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Serving All of SoFla

Headquartered in Miami

(305) 232-1579

Phone & Email Support

Mon - Fri: 9 AM - 5PM

Closed for Lunch: 12:30 - 1:30

(305) 232-1579

Association Management Blog

Difference Between HOA, POA, and COA

When looking to purchase a home, the real estate terminologies may confuse you at first. It’s like opening a door to an entirely different world. We can’t possibly educate you on every single terminology in the book, but this post will at least clear up the differences between HOA, POA, and COA. Although these terms are often used interchangeably, there is actually a significant difference between the three and how they operate.

Homeowners Association (HOA)

The homeowners association, or HOA, is typically the most known type of association. HOAs is usually comprised of a group of similar homes and residences along with common areas, clubhouses, and other property that is shared by the whole community. They conform to a strict set of regulations and requires all residents to adhere to these regulations. The rules are used to regulate everything from the appearance of homes to the number of pets one can own. Every HOA has a different set of rules which the residents agree to uphold. The overall aim of the HOA is to create a safe and comfortable community that helps raise property values in the neighborhood. These homeowner’s association usually increase the desirability of the area. Members of the community can expect to pay fees to assist in the upkeep of pools or other common amenities, security, landscaping, and other aspects of the neighborhood.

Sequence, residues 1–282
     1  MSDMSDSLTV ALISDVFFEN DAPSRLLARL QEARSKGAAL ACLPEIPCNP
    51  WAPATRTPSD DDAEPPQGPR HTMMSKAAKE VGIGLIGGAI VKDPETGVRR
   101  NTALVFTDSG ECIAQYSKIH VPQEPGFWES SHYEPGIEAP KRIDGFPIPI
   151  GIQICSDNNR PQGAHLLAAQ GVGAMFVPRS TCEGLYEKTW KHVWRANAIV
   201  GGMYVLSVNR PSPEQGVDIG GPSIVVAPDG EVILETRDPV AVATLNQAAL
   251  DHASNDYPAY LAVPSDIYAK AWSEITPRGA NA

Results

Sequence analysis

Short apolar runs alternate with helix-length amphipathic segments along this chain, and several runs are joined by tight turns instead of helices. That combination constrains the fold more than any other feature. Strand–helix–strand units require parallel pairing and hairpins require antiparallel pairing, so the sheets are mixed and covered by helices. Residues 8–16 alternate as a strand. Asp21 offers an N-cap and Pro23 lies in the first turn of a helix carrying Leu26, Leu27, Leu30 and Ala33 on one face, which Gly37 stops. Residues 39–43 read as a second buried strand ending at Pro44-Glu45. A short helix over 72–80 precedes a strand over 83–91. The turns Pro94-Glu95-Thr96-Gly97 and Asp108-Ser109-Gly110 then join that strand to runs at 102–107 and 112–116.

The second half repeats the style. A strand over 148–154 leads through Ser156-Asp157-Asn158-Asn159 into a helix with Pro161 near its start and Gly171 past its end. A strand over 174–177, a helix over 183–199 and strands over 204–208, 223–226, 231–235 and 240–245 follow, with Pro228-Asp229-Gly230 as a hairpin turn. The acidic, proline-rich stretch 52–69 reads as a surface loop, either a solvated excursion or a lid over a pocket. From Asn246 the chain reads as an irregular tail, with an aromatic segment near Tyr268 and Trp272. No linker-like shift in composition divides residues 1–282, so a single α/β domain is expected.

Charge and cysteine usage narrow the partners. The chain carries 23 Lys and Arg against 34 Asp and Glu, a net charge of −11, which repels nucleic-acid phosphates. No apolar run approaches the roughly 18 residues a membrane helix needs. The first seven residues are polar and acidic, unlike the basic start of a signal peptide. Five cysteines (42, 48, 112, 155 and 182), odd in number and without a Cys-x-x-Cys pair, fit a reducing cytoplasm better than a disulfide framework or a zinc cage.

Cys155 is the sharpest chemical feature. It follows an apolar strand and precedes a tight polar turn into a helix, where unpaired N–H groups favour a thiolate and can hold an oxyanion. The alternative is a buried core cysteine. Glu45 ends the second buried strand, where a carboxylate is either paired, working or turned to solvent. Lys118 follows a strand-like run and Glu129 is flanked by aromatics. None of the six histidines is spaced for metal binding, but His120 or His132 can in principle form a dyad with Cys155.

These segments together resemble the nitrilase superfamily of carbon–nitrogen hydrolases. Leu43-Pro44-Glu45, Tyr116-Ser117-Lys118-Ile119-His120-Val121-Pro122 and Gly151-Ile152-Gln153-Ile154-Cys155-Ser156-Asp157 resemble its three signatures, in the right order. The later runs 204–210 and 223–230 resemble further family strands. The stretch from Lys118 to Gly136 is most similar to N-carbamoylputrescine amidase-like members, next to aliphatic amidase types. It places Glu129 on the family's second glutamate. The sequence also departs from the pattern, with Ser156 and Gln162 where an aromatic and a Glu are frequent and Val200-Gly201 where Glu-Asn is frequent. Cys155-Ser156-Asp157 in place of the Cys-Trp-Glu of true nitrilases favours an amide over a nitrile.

Condominium Owners Association (COA)

A COA is the HOA version of condominiums. Owners of condominiums share the ownership of the grounds and the building among other condominium owners. Members of a COA can expect to pay a fee to assist with basic maintenance and repairs of the building and common areas.

Property Owners Association (POA)

Lastly, the POA differs from COAs or HOAs, such that POAs can govern multiple types of property such as residential and business. The goal of a POA is to improve an entire area, neighborhood, or even an entire town. POAs can implement zoning restrictions, undertake development projects, and enhance community areas. POAs focus on engaging in plans to develop businesses and increase the property values across a large area.

 

POAs, HOAs, and COAs can be extremely beneficial for a neighborhood. When looking to buy a home, considering a neighborhood with one of these associations can be a viable option for you. Some residences can function within both a POA and an HOA. It is important to ask these question before closing on your home and inquire about the additional fees.

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